Ear, nose and throat specialists can help your child with everything from ear infections to snoring.
You’ve more than likely taken your child to the doctor at least once for an ear infection. In fact, ear infections are so common that they rank as the number one reason parents make pediatric appointments. Other ear, nose and throat problems also top the list of what prompts parents to take their children to the doctor. But, how do you know if your child’s ear infection or sore throat is something more serious? When should you make the trip to see an ear, nose and throat specialist (ENT)?
Pediatric ENTs are physicians who specialize in ear, nose and throat disorders in children, as well as head and neck diseases. In addition to ear infections, pediatric ENTs diagnose and treat problems with tonsils and adenoids, asthma, allergies and hearing loss. They also perform tonsil and adenoid removal, ear tube surgery, and other head and neck procedures.
When to Make an Appointment
If you suspect your child has an ear, nose or throat condition, start by taking your child to your regular pediatrician. The pediatrician will do a check-up for your child and let you know if a referral to a specialist is the best next step. Be sure to let the pediatrician know if your child has any of the following symptoms:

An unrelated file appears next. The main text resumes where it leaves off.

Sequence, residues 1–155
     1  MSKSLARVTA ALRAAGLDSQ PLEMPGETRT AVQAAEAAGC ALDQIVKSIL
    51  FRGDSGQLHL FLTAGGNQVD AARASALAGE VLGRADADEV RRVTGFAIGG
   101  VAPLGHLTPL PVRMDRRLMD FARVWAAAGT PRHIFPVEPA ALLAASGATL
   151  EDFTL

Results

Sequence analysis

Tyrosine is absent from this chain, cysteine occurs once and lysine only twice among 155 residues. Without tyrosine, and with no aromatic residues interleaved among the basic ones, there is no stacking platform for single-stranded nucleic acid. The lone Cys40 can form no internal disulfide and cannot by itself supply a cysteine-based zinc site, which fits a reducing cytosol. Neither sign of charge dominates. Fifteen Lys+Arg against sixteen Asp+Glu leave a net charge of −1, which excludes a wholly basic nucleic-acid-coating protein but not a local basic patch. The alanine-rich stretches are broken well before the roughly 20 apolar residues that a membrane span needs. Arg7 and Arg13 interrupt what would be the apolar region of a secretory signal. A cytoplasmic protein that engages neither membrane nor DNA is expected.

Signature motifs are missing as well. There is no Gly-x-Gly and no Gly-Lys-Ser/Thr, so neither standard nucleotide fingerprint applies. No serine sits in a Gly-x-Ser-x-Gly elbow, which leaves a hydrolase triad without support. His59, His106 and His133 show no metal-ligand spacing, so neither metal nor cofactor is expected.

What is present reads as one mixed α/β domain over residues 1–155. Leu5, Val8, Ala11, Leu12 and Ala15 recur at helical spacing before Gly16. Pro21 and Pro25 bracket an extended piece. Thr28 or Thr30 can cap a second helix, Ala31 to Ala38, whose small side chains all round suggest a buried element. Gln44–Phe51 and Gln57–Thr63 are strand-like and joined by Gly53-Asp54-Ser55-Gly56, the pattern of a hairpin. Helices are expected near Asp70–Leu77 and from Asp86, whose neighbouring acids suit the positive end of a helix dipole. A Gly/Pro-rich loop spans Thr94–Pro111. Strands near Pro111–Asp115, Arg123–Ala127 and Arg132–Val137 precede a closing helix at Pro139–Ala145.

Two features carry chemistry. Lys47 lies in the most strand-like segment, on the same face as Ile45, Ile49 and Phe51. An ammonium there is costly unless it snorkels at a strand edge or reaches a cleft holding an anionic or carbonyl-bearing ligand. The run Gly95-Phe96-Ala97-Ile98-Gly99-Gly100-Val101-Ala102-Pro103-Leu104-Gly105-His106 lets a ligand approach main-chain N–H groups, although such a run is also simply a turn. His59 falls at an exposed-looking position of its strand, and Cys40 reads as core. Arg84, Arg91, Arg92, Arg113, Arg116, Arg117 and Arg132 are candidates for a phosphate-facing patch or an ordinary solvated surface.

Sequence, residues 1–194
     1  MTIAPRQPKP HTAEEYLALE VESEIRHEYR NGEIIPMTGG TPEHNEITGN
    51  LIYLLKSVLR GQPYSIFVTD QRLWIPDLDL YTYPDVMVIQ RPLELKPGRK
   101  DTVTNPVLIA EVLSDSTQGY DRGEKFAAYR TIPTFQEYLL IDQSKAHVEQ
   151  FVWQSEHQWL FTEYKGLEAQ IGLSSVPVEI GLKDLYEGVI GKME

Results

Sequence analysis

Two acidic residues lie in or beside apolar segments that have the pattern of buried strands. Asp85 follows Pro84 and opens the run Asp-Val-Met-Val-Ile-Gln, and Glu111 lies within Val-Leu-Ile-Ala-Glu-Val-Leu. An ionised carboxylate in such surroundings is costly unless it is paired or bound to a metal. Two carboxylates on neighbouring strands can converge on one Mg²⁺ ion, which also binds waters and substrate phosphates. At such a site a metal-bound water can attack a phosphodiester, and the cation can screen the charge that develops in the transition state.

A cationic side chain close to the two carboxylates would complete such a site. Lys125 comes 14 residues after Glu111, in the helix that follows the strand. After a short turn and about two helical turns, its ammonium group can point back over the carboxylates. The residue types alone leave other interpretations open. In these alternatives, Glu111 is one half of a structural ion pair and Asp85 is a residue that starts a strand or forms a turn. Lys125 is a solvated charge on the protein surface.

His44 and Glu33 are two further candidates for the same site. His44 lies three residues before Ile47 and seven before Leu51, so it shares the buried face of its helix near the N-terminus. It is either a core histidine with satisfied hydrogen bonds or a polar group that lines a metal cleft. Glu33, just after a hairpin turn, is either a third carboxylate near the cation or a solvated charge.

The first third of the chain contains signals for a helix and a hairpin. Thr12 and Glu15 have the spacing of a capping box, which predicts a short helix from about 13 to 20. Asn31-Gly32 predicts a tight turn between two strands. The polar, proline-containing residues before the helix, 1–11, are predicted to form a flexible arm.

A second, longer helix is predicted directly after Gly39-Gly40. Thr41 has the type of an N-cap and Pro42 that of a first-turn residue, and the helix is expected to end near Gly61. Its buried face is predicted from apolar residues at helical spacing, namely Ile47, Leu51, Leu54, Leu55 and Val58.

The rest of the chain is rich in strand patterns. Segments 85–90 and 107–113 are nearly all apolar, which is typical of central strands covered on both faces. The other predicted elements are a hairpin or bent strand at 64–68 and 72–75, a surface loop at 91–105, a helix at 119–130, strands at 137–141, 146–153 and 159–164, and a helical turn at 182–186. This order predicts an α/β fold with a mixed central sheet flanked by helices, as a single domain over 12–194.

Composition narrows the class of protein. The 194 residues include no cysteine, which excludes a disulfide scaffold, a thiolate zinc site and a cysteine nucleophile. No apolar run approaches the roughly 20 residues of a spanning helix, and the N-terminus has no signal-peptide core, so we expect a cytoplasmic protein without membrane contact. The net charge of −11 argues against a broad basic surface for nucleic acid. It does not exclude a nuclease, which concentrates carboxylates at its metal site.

- Frequent ear infections
- Noisy breathing or trouble breathing through the nose
- Frequent or long-lasting sinus infections
- Frequent nose bleeds
- Hearing loss
These can be signs of conditions such as enlarged adenoids, which might require surgery. Snoring, while often just a result of allergies or a cold, can also be a sign of a sleep disorder if it occurs on a regular basis. Share any symptoms your child has that concern you with your child’s pediatrician.
Just a sore throat?
If your child has the following symptoms along with a sore throat, it might be tonsillitis:
- Red or swollen tonsils
- Difficulty swallowing
- Swollen glands
- Bad breath
- White coating on the tonsils
Ears and Tonsils
If your child experiences frequent ear infections or recurring cases of tonsillitis, you’re not alone. Two of the most common procedures performed by ENTs include ear tube surgery and tonsillectomy. If your child gets several ear infections per year and antibiotics don’t seem to help, an ENT may recommend having tubes placed in your child’s eardrums to prevent fluid backup and to open the airways. Likewise, if your child gets repeated cases of tonsillitis, an ENT may recommend a tonsillectomy, which is a surgery performed to remove the tonsils.